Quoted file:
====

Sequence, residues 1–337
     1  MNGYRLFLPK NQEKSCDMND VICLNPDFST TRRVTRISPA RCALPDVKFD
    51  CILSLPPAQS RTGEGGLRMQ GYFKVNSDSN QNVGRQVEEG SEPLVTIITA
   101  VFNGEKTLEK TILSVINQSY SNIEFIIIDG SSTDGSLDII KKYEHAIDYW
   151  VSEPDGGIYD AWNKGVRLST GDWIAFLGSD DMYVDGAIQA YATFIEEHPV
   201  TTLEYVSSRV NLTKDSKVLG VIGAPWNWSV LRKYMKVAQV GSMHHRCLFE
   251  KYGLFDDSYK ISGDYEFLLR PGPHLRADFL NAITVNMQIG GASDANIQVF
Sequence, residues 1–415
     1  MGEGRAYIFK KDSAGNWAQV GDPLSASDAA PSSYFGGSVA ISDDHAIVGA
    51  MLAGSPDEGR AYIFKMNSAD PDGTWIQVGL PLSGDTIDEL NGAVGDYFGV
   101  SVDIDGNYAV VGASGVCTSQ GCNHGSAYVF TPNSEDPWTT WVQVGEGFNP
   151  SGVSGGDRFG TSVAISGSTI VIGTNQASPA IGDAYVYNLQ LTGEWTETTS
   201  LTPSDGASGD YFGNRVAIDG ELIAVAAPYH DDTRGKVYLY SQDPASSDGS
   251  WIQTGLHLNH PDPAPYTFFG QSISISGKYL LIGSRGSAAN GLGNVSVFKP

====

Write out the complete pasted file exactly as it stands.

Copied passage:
Sequence, residues 1–337
     1  MNGYRLFLPK NQEKSCDMND VICLNPDFST TRRVTRISPA RCALPDVKFD
    51  CILSLPPAQS RTGEGGLRMQ GYFKVNSDSN QNVGRQVEEG SEPLVTIITA
   101  VFNGEKTLEK TILSVINQSY SNIEFIIIDG SSTDGSLDII KKYEHAIDYW
   151  VSEPDGGIYD AWNKGVRLST GDWIAFLGSD DMYVDGAIQA YATFIEEHPV
   201  TTLEYVSSRV NLTKDSKVLG VIGAPWNWSV LRKYMKVAQV GSMHHRCLFE
   251  KYGLFDDSYK ISGDYEFLLR PGPHLRADFL NAITVNMQIG GASDANIQVF
Sequence, residues 1–415
     1  MGEGRAYIFK KDSAGNWAQV GDPLSASDAA PSSYFGGSVA ISDDHAIVGA
    51  MLAGSPDEGR AYIFKMNSAD PDGTWIQVGL PLSGDTIDEL NGAVGDYFGV
   101  SVDIDGNYAV VGASGVCTSQ GCNHGSAYVF TPNSEDPWTT WVQVGEGFNP
   151  SGVSGGDRFG TSVAISGSTI VIGTNQASPA IGDAYVYNLQ LTGEWTETTS
   201  LTPSDGASGD YFGNRVAIDG ELIAVAAPYH DDTRGKVYLY SQDPASSDGS
   251  WIQTGLHLNH PDPAPYTFFG QSISISGKYL LIGSRGSAAN GLGNVSVFKP